From Iceland — Police With Guns At All Future Public Gatherings In Iceland

Police With Guns At All Future Public Gatherings In Iceland

Published June 13, 2017

Elías Þórsson
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Armed Police At All Future Public Gatherings In Iceland

Police officers openly carrying guns will be present at the Secret Solstice Festival and at the June 17 independence celebrations, which both take place this weekend, reports RÚV.

One of the things that has always defined Iceland is the lack of gun violence and until now only the swat team has been the only part of the police force allowed to use firearms, and then only during special circumstances—such as when dealing with dangerous individuals wielding guns.

Haraldur Johannsessen, the head of the National Police Federation of Iceland, claims that the recent terrorism attacks in the UK have influenced the decision to have visibly armed police officers present at all large public gatherings in the future.

“I want to state that we are not increasing gun use, we are not arming more police officers,” Haraldur told RÚV. “We are just making the swat team more visible at large gatherings.”

The changing reality of guns

Last Sunday, the annual Colour Run took place in Reykjavík, and many participants were shocked to see heavily armed police officers present among the crowd. This has not been the reality in Iceland in the past, and the decision drew derision from many, with TV journalist Sölvi Tryggvason capturing the critical sentiment in a widely shared Facebook post.

“It is sad to see Icelandic police officers armed with guns at a family festival in the Reykjavík city centre,” Sölvi wrote. “This is absolute nonsense, this Americanisation will not make us a least bit safer. On the contrary, officers with guns will make us a more dangerous society. Guns call for more guns, fear breads violence.”

Wet dreams about armed police

Sölvi claims that many government officials have for a long time had “wet dreams” about bringing about more gun use in Iceland. He says that terrorism abroad is being used as a justification and that fear mongering helps push the agenda.

Sölvi has made many programmes documenting the criminal underworld and three years ago, he interviewed a senior police officer who spoke out against the idea of arming regular officers.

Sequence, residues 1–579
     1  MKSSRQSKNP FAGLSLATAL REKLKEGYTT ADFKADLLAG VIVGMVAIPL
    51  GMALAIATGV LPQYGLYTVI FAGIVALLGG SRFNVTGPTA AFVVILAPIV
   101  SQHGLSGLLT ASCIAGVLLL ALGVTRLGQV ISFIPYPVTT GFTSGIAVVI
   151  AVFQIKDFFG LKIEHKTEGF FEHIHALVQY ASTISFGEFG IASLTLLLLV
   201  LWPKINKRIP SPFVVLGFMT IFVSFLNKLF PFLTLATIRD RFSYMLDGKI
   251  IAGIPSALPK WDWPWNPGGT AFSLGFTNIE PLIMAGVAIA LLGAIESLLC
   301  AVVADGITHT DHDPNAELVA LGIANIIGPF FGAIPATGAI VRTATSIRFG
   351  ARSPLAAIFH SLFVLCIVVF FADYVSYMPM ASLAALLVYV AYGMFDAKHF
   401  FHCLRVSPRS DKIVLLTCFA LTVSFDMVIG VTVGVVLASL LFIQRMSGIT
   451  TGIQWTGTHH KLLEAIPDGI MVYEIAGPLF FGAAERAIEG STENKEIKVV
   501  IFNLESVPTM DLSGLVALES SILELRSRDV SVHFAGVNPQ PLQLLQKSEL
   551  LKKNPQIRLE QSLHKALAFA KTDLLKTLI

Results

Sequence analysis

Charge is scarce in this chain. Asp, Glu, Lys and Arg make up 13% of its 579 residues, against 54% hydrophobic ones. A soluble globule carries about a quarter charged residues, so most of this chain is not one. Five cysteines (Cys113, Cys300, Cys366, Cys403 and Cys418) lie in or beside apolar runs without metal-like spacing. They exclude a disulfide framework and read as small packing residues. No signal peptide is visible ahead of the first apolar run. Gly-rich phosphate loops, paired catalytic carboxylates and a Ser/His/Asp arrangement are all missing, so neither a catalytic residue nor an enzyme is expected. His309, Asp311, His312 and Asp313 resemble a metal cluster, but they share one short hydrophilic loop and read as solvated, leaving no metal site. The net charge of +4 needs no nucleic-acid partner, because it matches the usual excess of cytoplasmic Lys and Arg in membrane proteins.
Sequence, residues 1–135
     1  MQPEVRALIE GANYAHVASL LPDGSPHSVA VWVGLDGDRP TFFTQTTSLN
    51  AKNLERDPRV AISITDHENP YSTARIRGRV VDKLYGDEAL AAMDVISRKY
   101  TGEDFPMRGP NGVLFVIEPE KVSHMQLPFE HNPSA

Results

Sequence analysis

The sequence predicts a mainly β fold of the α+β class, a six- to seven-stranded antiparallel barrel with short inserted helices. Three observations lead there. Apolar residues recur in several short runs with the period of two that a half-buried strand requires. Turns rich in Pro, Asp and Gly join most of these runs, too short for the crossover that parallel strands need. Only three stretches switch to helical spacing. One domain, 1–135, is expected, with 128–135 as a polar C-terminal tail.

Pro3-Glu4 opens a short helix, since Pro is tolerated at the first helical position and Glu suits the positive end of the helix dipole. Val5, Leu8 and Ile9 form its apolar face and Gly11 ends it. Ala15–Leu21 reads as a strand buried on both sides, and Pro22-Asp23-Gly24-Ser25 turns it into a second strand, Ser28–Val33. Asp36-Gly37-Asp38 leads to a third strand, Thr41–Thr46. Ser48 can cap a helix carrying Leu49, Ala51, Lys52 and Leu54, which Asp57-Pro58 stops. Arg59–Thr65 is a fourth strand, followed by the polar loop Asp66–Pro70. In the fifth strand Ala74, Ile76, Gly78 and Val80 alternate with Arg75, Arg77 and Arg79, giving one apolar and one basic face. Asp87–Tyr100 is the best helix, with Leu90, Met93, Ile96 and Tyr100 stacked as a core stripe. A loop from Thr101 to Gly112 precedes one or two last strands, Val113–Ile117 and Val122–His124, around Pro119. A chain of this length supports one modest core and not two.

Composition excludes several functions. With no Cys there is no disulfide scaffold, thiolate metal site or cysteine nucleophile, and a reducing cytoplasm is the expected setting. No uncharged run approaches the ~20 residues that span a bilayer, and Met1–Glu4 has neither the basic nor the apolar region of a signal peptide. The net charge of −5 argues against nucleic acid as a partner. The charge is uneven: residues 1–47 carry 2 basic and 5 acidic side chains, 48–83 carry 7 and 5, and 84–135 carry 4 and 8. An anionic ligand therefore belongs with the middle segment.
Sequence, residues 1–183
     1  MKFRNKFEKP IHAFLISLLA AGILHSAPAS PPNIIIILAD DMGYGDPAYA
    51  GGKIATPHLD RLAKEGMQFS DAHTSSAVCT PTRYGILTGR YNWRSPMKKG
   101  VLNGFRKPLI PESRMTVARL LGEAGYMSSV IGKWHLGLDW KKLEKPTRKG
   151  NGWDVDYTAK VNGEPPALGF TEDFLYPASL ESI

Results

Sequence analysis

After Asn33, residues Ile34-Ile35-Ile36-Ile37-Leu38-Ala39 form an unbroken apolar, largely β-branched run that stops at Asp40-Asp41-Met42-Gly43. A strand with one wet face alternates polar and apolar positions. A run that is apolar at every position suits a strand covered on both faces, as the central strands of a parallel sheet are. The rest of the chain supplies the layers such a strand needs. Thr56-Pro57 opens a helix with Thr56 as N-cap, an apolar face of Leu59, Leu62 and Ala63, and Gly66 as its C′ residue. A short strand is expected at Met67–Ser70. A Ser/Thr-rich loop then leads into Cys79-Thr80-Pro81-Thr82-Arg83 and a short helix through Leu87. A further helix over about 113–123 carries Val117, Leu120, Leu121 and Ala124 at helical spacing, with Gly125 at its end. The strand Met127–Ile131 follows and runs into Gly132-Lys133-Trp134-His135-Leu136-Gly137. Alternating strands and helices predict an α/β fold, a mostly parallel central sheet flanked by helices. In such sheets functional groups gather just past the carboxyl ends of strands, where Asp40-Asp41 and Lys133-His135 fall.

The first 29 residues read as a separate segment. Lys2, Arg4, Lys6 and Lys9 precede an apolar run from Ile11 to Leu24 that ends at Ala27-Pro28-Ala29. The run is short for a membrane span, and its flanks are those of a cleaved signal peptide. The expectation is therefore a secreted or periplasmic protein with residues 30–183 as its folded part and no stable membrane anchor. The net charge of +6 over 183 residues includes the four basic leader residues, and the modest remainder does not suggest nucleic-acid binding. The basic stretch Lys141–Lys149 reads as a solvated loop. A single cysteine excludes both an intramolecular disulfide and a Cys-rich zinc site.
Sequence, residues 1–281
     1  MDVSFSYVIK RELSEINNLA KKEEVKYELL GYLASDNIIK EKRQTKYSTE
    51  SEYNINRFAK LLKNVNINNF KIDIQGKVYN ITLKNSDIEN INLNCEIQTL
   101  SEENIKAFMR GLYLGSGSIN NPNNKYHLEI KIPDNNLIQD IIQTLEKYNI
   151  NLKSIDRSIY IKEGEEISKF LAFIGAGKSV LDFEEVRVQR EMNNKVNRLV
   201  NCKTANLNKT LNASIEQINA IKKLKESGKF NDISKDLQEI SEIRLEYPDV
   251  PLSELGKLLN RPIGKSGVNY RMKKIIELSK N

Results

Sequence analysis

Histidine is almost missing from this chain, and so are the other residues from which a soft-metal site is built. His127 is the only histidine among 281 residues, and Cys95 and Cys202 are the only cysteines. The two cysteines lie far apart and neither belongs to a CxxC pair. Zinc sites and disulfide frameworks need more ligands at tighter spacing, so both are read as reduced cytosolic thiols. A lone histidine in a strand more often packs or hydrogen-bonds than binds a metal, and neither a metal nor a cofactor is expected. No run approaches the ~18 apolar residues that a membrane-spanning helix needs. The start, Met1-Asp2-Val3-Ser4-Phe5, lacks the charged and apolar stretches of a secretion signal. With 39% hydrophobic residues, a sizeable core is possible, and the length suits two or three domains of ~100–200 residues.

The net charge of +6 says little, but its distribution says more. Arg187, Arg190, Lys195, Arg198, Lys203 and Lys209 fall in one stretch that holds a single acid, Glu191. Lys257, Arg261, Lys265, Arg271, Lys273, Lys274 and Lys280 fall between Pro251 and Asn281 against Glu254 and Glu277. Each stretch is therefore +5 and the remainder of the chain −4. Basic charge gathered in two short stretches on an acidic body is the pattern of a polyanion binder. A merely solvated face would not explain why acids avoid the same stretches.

“If regular officers start carrying guns, it will only be a matter of time before we will have shootouts in Reykjavík,” the officer said.

Threat of terrorism

Yesterday, the National Security Council of Iceland met at Keflavík Airport to discuss changing police protocols—including the increase of weapons in the police’s arsenal.

“We fear that what has happened in our neighbouring countries will repeat itself here, and that is why we are making these changes,” Haraldur said. “From now on, the setup we had at the Colour Run will be repeated at future events.”

Sölvi, however, said that Icelanders should be proud of its unique lack of gun carrying police officers and that every time he went abroad and saw heavily armed officers he felt fortunate to having been born in Iceland.

“If I am to be protected by handgun wielding public employees, than I would rather be defenceless,” he wrote. “Let’s fight tooth and nail against this. No fucking guns!”

What is the possible outcome?

It is hard to say what impact visibly armed police officers will have on Icelandic society. Maybe it is necessary, maybe we should fear terrorism. But then again, we don’t have a military and are not involved in attacking people in faraway countries.

And I have to agree with Sölvi, when I go abroad I don’t feel safer around police officers with assault rifles, I don’t want to have those types of weapons anywhere near me. And there is logic in what he says. If the police arms itself, won’t the criminals just do the same?

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